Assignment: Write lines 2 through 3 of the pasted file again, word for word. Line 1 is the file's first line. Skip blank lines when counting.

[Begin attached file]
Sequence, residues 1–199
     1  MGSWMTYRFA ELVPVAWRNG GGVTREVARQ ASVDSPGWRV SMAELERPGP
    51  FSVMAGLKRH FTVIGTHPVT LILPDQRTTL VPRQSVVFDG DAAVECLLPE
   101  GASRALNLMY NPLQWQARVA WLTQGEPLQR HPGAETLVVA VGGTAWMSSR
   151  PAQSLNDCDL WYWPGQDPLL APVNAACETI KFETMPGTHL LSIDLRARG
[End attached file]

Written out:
     1  MGSWMTYRFA ELVPVAWRNG GGVTREVARQ ASVDSPGWRV SMAELERPGP
    51  FSVMAGLKRH FTVIGTHPVT LILPDQRTTL VPRQSVVFDG DAAVECLLPE